Nutritional value of several Opuntia species Public Deposited

http://ir.library.oregonstate.edu/concern/graduate_thesis_or_dissertations/zc77ss535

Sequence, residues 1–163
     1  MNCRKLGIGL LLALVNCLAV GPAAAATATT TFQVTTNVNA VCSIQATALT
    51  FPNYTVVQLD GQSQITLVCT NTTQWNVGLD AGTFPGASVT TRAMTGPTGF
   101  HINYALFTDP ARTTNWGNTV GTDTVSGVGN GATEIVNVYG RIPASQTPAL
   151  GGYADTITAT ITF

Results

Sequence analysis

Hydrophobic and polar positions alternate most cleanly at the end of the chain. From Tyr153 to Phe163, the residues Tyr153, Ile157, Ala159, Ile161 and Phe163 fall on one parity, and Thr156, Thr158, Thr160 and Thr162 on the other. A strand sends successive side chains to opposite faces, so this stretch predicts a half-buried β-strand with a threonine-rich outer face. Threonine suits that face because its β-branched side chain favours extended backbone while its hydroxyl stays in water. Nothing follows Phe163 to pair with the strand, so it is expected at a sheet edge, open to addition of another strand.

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  • Little is known about cactus nutrients, their proportions in different species and the variability of these proportions with season. In the scant literature available on Opuntia species, no systematic survey has been published to document and compare the nutritional qualities of different species. Also, no studies have been done to determine the seasonal variability of these nutrients. Past work on cactus has been mostly concentrated on Opuntia ficus-indica. This study was designed to determine and compare major pad nutrient content in five Opuntia species, and assess the seasonal variability in one of them: Opuntia fragilis (from John Day Fossil Beds, Central Oregon). The other species included in the analyses were: 0. engelmannii, 0. polyacantha, 0. filipendula and 0. versicolor, and were collected from different regions in the South western United States. Differences in nutrient content were detected between the species included in the analyses, but no single or group of species was consistently low or high in all the components analyzed. 0. engelmannii was the lowest in crude fiber components: 31.18% cell wall constituents, 7.9% cellulose and 2.89% lignin. Consequently, this species had the highest In vivo crude protein (51.80%), In vivo and In vitro dry matter digestibility (57.22% and 59.22%, respectively). The energy measurements indicated that, this species, 0. engelmannii had the highest digest ible energy (2098.54 kcal/kg). Conversely, 0. versicolor, the unique cylindropuntia included in the study, had the highest crude fiber content: 39.85% as Neutral Detergent Fiber residue, 13,73% as cellulose and 3.86% as lignin (second highest). With regard to dry matter digestibility, this species was among the group of lowest rates: 48.30% and 53.62 % respectively as In vivo and In vitro levels. This species, CK versicolor, had the highest crude protein content (6.83%), and the second highest in digestible energy (1927.15 kcal/kg) but it was the lowest in phosphorus concentration (0.08%). O. polyacantha had the highest lignin content (4.79%) and the lowest In vivo dry matter and crude protein degradability rates: 44.61% and 36.61%, respectively. The mineral analyses resulted in a highest calcium level for O. filipendula (6.83%) and a highest phosphorus content in the case of O. fragilis (0.29%). With regard to the seasonal variability, the analyses indicated a general trend of increase in fiber and calcium content from spring to summer. Nearly, these nutrients maintained constant proportions from summer to fall. This was primarily due to the fact that spring growth has reached maturity during this period. A slight decline of fiber content occurred from fall to winter: More soluble components have been synthesized during this period. Phosphorus content was not significantly different between seasons. Spring samples had highest crude protein (3.73%) and digestible energy (1922.33 kcal/kg) content. This was mainly due to rapid growth of the plant, considerable quantity of young pads was included in the spring collection. The seasonal variability was not highly significant. Moreover, content differences between seasons were not very high and a large part of these statistical variability could be inherent to the sampling procedure used. From a nutritional stand point, these small differences should not be taken into consideration in feeding CK fragilis to livestock through the year. All the five Opuntia species analyzed resulted in lower crude fiber content and higher dry matter and crude protein digestibility than grass hay samples (Agropyron cristatum and Bromus spp.) analyzed under the same conditions. When compared to alfalfa (Medicago satiya), cactus pads appeared to be intermediate in forage quality. All the cactus samples had higher calcium levels than the samples reference. In addition, 0. engelmannii had dry matter and crude protein digestibility rates close to those of alfalfa samples. Its digestible energy was only 20% lower than that of alfalfa. From this it could be concluded that the Opuntia species analyzed can fit in livestock rations with attention given to their low phosphorus and protein content. These Opuntias could be fed during any season but are needed, the most, as a late summer and fall supplement and during droughts when other forages are scarce or expensive to feed.
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